Guest Author - Elizabeth Bissette
The winter solstice is the moment the Sun is the farthest away from us that it will be all year, falling between December 20th and 23rd each year in the Northern Hemisphere. It is either the shortest day or longest night of the year, (not neccessarily the darkest). It lasts only an instant, but we've long made a day and night of it. Cultures all over the world have celebrated it throughout history. Each celebration varies, but most focus on re-birth, some taking it to mark the beginning of winter, some teh middle. The word, from the Latin, means 'Sun stand still'.
Many mythologies formed around the event and the astronomical observances made on the date. For example, in the Northern sky, the three stars in Orion's belt align with Sirius, the brightest star in the Eastern sky, and indicate where the Sun will rise the following morning. Up until this point, the Sun has made a decreasing arc in the South. From this point forward, it stops its decline, resulting in 3 days of less daylight than any other time of the year. It then begins its ascent again and the days start to lengthen again. For ancient people, this was a very significant thing, (no phone, no lights, no motorcars, so the Sun was an even bigger deal than it is now). Many cultures, logically, described this as the Sun being re-born, a return to a time of light after one of great darkness.
Archaeological discoveries support the dates importance in cultures from Neolithic and Bronze age times. Stonehenge, New Grange (Ireland) and other monuments seem to have been aligned precisely to reflect it. Its' importance may have been because in the winter, the life of communities was not assured. Starvation was the norm, (the time from January - April was known as the starving time), as plant life was far from abundant (and cold probably made hunting more difficult as well). Survival depended not only upon the planning that took place in the 9 months preceeding, but on the successful preservation of the stores. In climates where teh weather was less harsh, the holiday was not as significant.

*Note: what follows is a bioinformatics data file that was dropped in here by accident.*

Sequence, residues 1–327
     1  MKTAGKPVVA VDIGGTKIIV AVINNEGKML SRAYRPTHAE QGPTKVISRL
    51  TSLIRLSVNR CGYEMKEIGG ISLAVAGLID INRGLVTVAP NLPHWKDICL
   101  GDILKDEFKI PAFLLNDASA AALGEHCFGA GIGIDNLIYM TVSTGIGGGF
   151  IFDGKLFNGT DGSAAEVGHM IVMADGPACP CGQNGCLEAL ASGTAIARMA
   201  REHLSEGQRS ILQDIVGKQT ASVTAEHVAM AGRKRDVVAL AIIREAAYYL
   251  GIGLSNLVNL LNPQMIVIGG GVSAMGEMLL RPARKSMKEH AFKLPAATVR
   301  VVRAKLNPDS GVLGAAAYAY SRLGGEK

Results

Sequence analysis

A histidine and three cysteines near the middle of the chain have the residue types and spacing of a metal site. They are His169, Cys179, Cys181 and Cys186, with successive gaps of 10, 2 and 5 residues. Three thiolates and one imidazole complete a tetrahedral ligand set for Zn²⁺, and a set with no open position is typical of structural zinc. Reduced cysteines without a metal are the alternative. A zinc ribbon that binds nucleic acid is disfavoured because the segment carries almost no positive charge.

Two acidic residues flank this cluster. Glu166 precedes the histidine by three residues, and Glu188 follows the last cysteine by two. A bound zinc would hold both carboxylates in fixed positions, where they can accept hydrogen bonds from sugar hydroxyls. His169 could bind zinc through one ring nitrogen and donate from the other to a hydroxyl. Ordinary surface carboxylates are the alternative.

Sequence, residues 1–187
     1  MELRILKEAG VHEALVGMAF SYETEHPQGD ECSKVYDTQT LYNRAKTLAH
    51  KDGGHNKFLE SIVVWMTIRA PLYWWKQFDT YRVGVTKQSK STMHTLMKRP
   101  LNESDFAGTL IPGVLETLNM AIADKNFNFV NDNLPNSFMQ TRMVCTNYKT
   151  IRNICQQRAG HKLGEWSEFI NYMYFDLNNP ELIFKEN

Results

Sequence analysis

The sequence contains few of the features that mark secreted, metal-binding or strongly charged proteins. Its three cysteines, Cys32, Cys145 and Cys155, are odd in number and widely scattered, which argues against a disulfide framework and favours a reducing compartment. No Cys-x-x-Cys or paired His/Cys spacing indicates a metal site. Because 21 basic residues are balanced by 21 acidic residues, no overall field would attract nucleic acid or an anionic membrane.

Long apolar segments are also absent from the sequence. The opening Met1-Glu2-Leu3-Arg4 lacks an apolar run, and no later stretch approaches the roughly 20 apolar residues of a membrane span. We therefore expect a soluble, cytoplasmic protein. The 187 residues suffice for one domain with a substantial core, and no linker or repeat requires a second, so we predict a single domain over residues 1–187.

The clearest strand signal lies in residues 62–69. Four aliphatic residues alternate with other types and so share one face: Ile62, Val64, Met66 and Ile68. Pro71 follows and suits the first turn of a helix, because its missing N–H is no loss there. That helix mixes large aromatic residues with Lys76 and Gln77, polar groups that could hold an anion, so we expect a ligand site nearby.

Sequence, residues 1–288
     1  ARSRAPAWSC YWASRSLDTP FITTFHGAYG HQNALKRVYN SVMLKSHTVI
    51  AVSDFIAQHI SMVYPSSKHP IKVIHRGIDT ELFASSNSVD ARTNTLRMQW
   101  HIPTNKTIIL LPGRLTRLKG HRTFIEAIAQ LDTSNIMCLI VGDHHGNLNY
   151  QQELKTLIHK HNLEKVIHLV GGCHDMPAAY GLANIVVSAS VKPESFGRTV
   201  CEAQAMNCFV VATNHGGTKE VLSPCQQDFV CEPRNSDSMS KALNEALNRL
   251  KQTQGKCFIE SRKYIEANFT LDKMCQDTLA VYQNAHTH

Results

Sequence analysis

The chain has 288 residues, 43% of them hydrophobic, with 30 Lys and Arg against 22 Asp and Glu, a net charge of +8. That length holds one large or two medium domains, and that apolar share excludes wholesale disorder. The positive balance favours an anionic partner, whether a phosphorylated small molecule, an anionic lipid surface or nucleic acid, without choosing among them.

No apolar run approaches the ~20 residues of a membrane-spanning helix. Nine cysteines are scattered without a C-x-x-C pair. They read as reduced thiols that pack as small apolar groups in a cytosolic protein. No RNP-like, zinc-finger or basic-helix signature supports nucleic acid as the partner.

Feasting was a standard part of the celebratino because on this date, livestock were slaughtered (to save feeding them during winter, in part), making it the only time when fresh meat could be enjoyed. Wine and beer, started several months previously, had reached fermentation by the Solstice, making it a time of drinking as well. Celebrations tended to begin at mindnight, dawn or on the previous evening, (sort of like starting celebrations on Christmas Eve).
We see connections between the celebrations of the re-birth of the Sun God and the birth of Jesus at Christmas, (indeed, Christians deliberately incorporated some of these to make conversions smoother and more successful). It was also a holiday that related to our New Years' celebrations, when not only the Sun but the year itself was seen as re-born. Calendars were based on the date and life-death dieties celebrated along with new beginnings. In some celebrations, like the Saturnalia, roles were reversed for the day, reflecting the fact that each thing in society, within people etc, contains its' opposite.
Along the vein of celebrating the opposite within things, festivals at this time of great darkness, cold and isolation featured evergreens, fires, feasting, gathering with others, dancing, and singing, (its' beginning to look a lot like Christmas). Doing these things were beleived not only to stave off teh grim feelings that the cold and dark, anticipation of the 'starving months' brought on, but to prevent or at least temper their effects in the coming months. Sacrifice, (of people and animals), was standard, perhaps because cultures hoped that if some things were offerred voluntarily to the Gods, less would be taken.